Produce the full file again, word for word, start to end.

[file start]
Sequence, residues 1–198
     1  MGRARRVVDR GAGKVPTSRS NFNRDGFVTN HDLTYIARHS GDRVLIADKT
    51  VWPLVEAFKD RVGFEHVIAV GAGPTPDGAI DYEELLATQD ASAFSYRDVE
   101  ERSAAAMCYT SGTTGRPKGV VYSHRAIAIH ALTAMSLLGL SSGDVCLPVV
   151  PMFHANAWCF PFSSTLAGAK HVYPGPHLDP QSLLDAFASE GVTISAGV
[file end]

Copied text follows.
Sequence, residues 1–198
     1  MGRARRVVDR GAGKVPTSRS NFNRDGFVTN HDLTYIARHS GDRVLIADKT
    51  VWPLVEAFKD RVGFEHVIAV GAGPTPDGAI DYEELLATQD ASAFSYRDVE
   101  ERSAAAMCYT SGTTGRPKGV VYSHRAIAIH ALTAMSLLGL SSGDVCLPVV
   151  PMFHANAWCF PFSSTLAGAK HVYPGPHLDP QSLLDAFASE GVTISAGV